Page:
Whenever we write up a feature on a microcontroller or microcontroller project here on Hackaday, we inevitably get two diametrically opposed opinions in the comments. If the article featured an 8-bit microcontroller, an army of ARMies post that they would do it better, faster, stronger, and using less power on a 32-bit platform. They’re usually right. On the other hand, if the article involved a 32-bit processor or a single-board computer, the 8-bitters come out of the woodwork telling you that they could get the job done with an overclocked ATtiny85 running cycle-counted assembly. And some of you probably can. (We love you all!)
When beginners walk into this briar-patch by asking where to get started, it can be a little bewildering. The Arduino recommendation is pretty easy to make, because there’s a tremendous amount of newbie-friendly material available. And Arduino doesn’t necessarily mean AVR, but when it does, that’s not a bad choice due to the relatively flexible current sourcing and sinking of the part. You’re not going to lose your job by recommending Arduino, and it’s pretty hard to get the smoke out of one.
But these days when someone new to microcontrollers asks what path they should take, I’ve started to answer back with a question: how interested are you in learning about microcontrollers themselves versus learning about making projects that happen to use them? It’s like “blue pill or red pill”: the answer to this question sets a path, and I wouldn’t recommend the same thing to people who answered differently.
For people who just want to get stuff done, a library of easy-to-use firmware and a bunch of examples to
crib learn from are paramount. My guess is that people who answer “get stuff done” are the 90%. And for these folks, I wouldn’t hesitate at all to recommend an Arduino variant — because the community support is excellent, and someone has written an add-on library for nearly every gizmo you’d want to attach. This is well-trodden ground, and it’s very often plug-and-play.
But the other 10% are in a tough position. If you really want to understand what’s going on with the chip, how the hardware works or at least what it does, and get beyond simply using other people’s libraries, I would claim that the Arduino environment is a speed bump. Or as an old friend of mine — an embedded assembly programmer — would say, “writing in Arduino is like knitting with boxing gloves on.”
His point being that he knows what the chip can do, and just wants to make it do its thing without any unnecessary layers of abstraction getting in the way. After all, the engineers who design these microcontrollers, and the firms that sell them, live and die from building in the hardware functionality that the end-user (engineer) wants, so it’s all there waiting for you. Want to turn the USART peripheral on? You don’t need to instantiate an object of the right class and read up on an API, you just flip the right bits. And they’re specified in the datasheet chapter that you’re going to have to read anyway to make sure you’re not missing anything important.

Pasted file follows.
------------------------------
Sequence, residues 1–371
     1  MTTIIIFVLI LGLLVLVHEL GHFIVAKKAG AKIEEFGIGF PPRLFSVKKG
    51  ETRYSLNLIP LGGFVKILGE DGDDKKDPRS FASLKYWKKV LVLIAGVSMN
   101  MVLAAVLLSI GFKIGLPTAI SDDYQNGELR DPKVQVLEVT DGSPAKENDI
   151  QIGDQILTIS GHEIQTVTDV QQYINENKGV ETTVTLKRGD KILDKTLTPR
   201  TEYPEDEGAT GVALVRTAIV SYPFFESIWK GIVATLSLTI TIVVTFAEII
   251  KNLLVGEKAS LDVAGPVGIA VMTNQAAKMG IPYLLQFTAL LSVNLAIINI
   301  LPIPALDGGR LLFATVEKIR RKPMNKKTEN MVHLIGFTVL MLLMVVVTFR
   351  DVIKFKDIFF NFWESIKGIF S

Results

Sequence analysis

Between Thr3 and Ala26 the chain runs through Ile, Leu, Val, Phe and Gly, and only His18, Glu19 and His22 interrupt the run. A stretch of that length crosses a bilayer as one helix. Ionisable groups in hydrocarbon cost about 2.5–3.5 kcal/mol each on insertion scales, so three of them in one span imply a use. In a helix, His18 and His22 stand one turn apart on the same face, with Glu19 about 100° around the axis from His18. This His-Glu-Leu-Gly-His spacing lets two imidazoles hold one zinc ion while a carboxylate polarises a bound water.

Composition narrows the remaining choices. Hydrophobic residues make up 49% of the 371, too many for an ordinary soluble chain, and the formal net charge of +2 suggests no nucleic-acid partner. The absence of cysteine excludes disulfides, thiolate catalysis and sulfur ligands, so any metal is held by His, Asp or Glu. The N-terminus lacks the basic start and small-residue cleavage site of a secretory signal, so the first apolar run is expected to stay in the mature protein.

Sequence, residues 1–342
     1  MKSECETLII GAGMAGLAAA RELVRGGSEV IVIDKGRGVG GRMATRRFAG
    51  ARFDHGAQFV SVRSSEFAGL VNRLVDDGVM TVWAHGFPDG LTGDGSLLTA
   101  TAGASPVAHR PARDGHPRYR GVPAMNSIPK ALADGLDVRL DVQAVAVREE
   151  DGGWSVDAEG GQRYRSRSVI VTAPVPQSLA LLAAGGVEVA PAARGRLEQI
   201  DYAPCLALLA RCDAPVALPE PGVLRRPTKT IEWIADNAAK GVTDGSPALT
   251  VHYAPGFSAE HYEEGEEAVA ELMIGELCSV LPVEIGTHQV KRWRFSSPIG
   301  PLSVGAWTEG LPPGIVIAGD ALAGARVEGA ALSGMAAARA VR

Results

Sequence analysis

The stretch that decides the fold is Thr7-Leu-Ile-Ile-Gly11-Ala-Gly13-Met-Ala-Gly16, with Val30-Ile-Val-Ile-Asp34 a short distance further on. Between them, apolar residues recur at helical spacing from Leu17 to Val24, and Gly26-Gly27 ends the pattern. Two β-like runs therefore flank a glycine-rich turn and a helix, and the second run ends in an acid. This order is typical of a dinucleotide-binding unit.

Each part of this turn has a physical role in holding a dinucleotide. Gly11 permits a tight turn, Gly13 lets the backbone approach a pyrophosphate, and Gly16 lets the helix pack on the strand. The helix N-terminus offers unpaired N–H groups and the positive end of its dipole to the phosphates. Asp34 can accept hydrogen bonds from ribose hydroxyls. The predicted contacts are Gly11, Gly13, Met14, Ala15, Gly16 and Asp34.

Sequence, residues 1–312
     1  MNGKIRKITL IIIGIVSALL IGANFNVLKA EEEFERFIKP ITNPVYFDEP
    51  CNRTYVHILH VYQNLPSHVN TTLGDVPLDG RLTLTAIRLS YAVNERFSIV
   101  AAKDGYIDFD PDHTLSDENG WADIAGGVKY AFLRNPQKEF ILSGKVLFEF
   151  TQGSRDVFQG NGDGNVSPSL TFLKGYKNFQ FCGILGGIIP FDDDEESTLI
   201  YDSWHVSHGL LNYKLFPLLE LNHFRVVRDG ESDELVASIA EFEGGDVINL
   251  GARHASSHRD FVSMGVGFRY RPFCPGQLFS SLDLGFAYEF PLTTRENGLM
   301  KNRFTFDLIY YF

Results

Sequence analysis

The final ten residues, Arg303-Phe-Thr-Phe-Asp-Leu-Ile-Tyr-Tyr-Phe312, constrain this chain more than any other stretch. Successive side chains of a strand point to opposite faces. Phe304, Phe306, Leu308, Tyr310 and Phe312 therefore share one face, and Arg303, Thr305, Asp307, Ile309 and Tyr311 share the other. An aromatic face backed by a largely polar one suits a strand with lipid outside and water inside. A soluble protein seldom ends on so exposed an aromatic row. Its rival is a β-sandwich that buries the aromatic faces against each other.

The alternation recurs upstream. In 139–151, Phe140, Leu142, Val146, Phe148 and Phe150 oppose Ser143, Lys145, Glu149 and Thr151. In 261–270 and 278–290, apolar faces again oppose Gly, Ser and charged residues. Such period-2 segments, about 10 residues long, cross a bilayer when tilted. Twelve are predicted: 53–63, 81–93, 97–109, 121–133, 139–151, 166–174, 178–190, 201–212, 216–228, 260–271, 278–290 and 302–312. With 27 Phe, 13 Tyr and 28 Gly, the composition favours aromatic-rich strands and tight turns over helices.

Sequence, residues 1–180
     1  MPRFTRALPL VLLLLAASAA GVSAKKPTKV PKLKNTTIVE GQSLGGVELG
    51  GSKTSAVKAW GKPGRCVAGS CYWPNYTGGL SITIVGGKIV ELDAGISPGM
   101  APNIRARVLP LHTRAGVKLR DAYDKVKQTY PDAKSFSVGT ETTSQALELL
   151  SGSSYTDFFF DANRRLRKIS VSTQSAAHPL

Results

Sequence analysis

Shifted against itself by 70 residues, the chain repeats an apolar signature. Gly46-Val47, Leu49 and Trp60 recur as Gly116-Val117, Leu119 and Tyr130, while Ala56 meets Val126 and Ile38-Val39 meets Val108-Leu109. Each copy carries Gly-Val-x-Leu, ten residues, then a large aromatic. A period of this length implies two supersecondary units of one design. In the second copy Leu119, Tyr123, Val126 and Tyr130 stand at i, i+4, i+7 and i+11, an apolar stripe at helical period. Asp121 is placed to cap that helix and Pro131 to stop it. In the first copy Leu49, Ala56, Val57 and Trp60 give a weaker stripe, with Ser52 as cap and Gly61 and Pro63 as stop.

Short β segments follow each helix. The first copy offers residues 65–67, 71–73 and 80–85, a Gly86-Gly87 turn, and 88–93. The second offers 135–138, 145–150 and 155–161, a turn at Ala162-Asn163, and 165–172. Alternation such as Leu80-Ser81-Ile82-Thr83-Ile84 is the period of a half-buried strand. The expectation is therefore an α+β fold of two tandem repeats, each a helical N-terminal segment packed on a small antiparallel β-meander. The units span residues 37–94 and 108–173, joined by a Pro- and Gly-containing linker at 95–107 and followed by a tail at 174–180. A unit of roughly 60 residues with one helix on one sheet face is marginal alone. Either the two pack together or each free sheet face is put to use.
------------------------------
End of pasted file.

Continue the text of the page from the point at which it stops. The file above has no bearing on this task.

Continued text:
For the “get it done” crowd, I’m totally happy recommending a simple-to-use environment that hides a lot of the details about how the chip works. That’s what abstractions are for, after all — getting productive without having to understand the internals. All that abstraction is probably going to come with a performance cost, but that’s what more powerful chips are for anyway. For these folks, an easy-to-use environment and a powerful chip is a great fit.
But my advice to the relative newbie who actually wants to learn the chip is the exact opposite. Pick an environment that maximally exposes the way the chip works, and pick a chip that’s not so complicated that it completely overwhelms you. It’s the exact opposite case: I’d recommend a “difficult” but powerful environment and a simple chip.
If you want to become a race-car driver, you don’t start you out on a Formula 1 car because that’s like learning to pilot a rocket ship. But you do need to understand how a car handles and performs, so you wouldn’t start out in an automatic luxury sedan either. You’d be driving comfortably much sooner, but you lose a lot of empathy for the drivetrain and intuition about traction control. Rather, I’d start you out on something perhaps underpowered, but with good feel for the road and a manual transmission. And that, my friends, is straight C on an 8-bitter.